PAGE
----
LONDON (Reuters) - The 500-1 bet is off and the Queen classic "Under pressure" resounding around some of the London 2012 venues no longer brings home competitors out in a sweat.
Team GB has struck gold.
Bookmakers had been offering those huge odds that Britain would not win a single gold medal at the Games.
While that was an improbable scenario, four days of failure in archery, shooting, judo, handball and canoeing, punctuated by some plucky near misses, had caused a mild degree of panic and plenty of smug smirking from some of Britain's sporting arch rivals, namely Australia.
Then, at lunchtime on Day Five, the nation let out a collective sigh of relief as rowers Helen Glover and Heather Stanning obliterated a high-class field to win the women's pair in front of 25,000 screaming fans at Eton Dorney.
"Ecstatic," Glover told reporters on the bank of the lake. "It's so surreal, it will take forever to sink in. We're just really relieved, thank you so much everyone."
Twitter went into meltdown as British sporting celebrities from former F1 champion Jenson Button, boxer Amir Khan, tennis player Laura Robson all offered their congratulations.
"Women's rowers take a bow!" offered Manchester United footballer Rio Ferdinand. "Cyclists do your thing now!"
Ferdinand's call was answered as Tour de France winner Bradley Wiggins romped to victory in the men's cycling time trial - blowing his rivals off the road.
"Vodka and tonic helps," Wiggins, the man whose sideburns have become the must-have fashion accessories, responded when asked if his achievements during a magical year had yet sunk in.
With 9.3 billion pounds ($14.57 billion) spent to bring the Games to London for a third time, public perception in Britain, at least in the short-term, will be based on how much bling the rowers, cyclists, sailors, runners and jumpers hang round their necks between now and the end of the Games on August 12.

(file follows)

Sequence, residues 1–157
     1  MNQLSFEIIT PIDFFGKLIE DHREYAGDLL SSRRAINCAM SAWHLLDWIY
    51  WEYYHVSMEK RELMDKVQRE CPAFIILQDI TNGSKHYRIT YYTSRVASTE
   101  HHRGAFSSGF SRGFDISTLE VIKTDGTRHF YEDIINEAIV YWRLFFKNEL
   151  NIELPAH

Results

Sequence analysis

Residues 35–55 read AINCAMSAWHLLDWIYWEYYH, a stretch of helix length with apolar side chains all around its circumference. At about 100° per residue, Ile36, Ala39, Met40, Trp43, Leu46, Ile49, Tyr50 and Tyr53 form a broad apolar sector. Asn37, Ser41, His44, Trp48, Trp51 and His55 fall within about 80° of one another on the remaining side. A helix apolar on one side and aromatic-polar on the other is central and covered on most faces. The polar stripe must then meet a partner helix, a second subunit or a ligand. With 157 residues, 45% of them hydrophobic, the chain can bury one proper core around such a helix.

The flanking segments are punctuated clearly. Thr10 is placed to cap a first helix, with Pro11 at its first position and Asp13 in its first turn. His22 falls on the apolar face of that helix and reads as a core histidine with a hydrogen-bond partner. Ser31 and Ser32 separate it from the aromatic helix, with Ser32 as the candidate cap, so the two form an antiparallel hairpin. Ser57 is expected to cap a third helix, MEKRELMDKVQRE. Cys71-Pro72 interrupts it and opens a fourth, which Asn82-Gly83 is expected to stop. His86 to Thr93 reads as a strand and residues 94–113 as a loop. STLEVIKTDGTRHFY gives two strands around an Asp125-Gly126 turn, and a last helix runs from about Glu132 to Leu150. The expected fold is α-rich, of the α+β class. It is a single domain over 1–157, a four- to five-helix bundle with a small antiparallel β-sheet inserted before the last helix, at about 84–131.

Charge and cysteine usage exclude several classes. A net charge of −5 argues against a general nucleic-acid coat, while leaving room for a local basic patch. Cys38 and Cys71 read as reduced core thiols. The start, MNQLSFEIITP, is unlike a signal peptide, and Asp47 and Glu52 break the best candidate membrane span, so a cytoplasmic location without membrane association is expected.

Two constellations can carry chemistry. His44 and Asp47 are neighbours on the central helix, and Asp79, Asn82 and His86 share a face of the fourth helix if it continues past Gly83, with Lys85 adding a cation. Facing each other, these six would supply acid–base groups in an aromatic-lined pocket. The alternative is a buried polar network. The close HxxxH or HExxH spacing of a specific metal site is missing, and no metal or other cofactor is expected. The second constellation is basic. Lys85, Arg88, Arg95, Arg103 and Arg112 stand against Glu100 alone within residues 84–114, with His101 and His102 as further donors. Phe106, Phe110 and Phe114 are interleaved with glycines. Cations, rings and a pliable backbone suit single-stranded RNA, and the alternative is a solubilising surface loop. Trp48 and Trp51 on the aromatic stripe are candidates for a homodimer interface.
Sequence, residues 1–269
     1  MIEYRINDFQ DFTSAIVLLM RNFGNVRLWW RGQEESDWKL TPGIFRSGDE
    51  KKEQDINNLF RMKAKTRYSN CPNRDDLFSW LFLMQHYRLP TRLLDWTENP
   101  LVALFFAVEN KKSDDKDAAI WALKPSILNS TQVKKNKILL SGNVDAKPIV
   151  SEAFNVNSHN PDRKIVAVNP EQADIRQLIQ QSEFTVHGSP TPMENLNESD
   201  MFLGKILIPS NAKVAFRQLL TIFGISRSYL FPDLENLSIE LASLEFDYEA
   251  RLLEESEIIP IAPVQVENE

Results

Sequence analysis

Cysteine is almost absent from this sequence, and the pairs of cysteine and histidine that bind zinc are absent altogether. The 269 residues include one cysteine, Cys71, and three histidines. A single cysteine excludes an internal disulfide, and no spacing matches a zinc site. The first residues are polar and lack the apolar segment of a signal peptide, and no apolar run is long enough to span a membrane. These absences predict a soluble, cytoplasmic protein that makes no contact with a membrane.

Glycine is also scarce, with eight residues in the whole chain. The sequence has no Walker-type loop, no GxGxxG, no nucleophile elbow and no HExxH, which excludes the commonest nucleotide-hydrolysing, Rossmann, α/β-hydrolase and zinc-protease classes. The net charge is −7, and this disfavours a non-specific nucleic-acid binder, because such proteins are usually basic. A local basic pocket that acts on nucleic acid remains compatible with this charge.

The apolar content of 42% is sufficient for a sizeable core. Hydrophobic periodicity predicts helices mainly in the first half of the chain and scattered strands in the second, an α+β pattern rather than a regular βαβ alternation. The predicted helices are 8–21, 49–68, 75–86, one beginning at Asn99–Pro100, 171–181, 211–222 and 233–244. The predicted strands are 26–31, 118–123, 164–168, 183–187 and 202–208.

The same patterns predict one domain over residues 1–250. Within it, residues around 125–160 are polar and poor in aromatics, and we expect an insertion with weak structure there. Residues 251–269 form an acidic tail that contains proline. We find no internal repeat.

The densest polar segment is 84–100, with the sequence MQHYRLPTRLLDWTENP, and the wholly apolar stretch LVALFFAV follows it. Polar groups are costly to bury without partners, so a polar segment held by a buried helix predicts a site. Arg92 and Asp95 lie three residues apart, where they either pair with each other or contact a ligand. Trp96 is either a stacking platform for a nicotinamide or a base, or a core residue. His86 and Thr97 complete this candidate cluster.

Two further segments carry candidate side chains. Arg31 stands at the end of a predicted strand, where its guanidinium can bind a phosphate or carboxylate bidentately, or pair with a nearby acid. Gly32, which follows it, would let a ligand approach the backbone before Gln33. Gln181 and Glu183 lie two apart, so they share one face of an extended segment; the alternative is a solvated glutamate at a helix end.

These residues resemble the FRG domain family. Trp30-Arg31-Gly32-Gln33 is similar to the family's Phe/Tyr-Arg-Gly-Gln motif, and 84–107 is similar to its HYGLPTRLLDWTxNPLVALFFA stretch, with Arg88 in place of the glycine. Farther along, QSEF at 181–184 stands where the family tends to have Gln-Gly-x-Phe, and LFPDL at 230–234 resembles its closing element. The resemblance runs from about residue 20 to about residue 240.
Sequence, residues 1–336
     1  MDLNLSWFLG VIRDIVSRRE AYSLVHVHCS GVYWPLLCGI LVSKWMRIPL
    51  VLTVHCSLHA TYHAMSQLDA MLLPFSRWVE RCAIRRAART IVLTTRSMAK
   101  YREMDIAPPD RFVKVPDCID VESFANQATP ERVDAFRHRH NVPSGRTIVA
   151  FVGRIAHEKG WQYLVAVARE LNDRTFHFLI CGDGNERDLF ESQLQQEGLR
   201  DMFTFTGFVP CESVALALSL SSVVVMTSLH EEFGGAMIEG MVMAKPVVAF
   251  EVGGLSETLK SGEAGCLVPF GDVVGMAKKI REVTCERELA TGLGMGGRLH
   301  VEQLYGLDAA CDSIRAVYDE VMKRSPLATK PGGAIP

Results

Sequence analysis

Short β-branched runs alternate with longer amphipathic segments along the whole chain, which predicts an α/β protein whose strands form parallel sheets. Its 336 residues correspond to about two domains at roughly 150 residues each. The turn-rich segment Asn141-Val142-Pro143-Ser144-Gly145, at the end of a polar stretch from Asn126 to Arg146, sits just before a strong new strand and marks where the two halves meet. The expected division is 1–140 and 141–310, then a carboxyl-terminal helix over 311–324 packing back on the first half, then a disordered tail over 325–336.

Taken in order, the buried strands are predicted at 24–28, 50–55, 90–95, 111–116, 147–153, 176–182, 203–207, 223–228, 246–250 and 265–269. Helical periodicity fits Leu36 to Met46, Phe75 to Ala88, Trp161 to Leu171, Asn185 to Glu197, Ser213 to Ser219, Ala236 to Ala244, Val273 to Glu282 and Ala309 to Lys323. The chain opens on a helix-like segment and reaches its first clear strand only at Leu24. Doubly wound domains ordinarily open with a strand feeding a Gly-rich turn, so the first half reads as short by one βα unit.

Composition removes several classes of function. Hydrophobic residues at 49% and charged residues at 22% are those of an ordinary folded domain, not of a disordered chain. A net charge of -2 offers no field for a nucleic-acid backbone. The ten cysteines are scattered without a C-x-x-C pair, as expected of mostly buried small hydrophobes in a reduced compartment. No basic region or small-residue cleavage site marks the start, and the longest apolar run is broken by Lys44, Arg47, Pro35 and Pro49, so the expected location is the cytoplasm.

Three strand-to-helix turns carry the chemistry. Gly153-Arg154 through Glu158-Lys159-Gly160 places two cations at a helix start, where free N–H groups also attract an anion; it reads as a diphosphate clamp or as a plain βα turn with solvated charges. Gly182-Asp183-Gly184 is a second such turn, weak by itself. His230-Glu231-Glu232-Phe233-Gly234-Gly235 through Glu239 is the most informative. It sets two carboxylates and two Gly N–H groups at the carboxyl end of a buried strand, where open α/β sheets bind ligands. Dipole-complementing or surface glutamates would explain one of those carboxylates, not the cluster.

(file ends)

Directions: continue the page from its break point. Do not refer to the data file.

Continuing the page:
After finishing an unprecedented fourth in the medals table in Beijing with 47 medals, including 19 golds, Britain was set an even bigger target on home soil.
Golden Wednesday, as it has been dubbed, got the party started although Britain will have to get a move on if it is to exceed the haul from Beijing.
A bumper harvest is expected over the coming days at the rowing and in the velodrome when the track cycling powerhouses saddle up.
Down in Weymouth the British sailors, led by multiple gold medallist Ben Ainslie, will hope for fair winds.
The old joke that Britain's best sportsmen and women are those who spend their careers sitting down, is still doing the rounds - but when it comes to the Olympics the British public would not care if gold medals were awarded for tiddlywinks.
At least Britain's oarswomen silenced the gloating Australians who like nothing better than to dine out on British sporting misfortune - and they used to have ample opportunity.
Not so much these days, especially with their cricket team in decline. But they are still a big threat to Britain's fourth-place target at the Games and the host country's lack of gold had gone down well Down Under.
The Herald Sun newspaper featured a picture of Borat, Sacha Baron Cohen's fictional Kazakh, pointing out not-so-gently that Kazakhstan already has three golds to Britain's zero.
"After four days of competition at the London Olympics the Brits have failed to win a single gold medal," the newspaper wrote, with barely disguised glee. "It's a sad and sorry state of affairs. Except that we're neither sad nor sorry."
Most relieved of all was British Olympic Association chief Andy Hunt, who on Tuesday had confidently predicted that the red, white and blue would be fluttering before too long.
"Let the gold rush begin!" he tweeted on Wednesday soon after Glover and Stanning stormed across the line. ($1 = 0.6382 British pounds)
(Editing by Alison Williams; and Alison Wildey)